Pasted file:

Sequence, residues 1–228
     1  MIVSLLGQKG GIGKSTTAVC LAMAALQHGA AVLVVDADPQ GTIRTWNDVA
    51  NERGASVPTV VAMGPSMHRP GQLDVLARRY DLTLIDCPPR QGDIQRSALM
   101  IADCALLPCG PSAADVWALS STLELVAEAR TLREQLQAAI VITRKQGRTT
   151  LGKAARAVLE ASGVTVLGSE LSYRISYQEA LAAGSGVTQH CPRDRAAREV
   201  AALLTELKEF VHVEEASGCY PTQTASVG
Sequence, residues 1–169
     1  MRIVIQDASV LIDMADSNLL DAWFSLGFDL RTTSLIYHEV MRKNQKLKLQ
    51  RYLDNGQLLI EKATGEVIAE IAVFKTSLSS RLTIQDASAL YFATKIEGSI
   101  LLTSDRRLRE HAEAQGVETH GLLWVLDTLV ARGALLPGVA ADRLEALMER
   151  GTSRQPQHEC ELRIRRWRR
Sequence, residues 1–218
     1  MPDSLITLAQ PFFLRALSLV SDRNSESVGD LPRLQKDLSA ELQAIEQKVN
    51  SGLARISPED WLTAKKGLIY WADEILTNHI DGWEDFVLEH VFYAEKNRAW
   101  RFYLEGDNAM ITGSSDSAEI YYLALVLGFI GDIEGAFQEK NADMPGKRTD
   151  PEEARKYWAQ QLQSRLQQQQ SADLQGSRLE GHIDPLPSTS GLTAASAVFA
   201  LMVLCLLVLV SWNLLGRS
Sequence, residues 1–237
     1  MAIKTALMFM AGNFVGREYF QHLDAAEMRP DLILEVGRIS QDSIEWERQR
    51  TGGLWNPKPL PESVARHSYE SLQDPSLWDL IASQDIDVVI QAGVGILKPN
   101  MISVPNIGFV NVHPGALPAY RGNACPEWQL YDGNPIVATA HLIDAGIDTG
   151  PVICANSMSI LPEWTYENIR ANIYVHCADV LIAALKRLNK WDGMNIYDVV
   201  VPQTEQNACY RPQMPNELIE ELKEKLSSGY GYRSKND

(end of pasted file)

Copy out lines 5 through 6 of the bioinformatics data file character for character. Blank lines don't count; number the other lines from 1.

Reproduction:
   151  LGKAARAVLE ASGVTVLGSE LSYRISYQEA LAAGSGVTQH CPRDRAAREV
   201  AALLTELKEF VHVEEASGCY PTQTASVG